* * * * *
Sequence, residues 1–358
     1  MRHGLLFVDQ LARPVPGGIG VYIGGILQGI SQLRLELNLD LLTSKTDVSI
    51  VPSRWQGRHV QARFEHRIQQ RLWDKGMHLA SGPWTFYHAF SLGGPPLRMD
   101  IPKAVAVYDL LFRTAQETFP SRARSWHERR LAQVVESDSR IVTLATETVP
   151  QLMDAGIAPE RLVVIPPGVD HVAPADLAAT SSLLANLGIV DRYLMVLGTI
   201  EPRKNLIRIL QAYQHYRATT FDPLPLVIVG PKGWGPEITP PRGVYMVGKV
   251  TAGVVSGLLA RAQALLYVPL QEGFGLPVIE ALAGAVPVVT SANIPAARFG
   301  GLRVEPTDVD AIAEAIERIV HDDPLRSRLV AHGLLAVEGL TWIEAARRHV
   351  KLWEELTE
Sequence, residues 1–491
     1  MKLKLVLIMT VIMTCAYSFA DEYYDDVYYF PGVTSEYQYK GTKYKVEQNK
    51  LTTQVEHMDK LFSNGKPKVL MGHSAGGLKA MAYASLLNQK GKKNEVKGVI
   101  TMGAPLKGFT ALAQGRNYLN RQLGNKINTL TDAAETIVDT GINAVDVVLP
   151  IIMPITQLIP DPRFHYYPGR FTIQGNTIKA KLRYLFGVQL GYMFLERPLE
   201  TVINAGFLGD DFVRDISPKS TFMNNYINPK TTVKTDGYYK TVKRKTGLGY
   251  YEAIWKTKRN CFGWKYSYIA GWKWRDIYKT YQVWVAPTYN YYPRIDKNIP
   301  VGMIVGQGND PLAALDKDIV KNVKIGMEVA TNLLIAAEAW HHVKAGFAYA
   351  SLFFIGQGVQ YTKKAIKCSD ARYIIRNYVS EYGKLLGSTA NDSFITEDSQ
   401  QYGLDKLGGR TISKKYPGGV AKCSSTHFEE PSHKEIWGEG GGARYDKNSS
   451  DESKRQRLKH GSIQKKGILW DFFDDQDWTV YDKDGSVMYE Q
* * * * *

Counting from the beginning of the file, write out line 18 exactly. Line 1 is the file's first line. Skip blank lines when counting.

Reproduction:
   351  SLFFIGQGVQ YTKKAIKCSD ARYIIRNYVS EYGKLLGSTA NDSFITEDSQ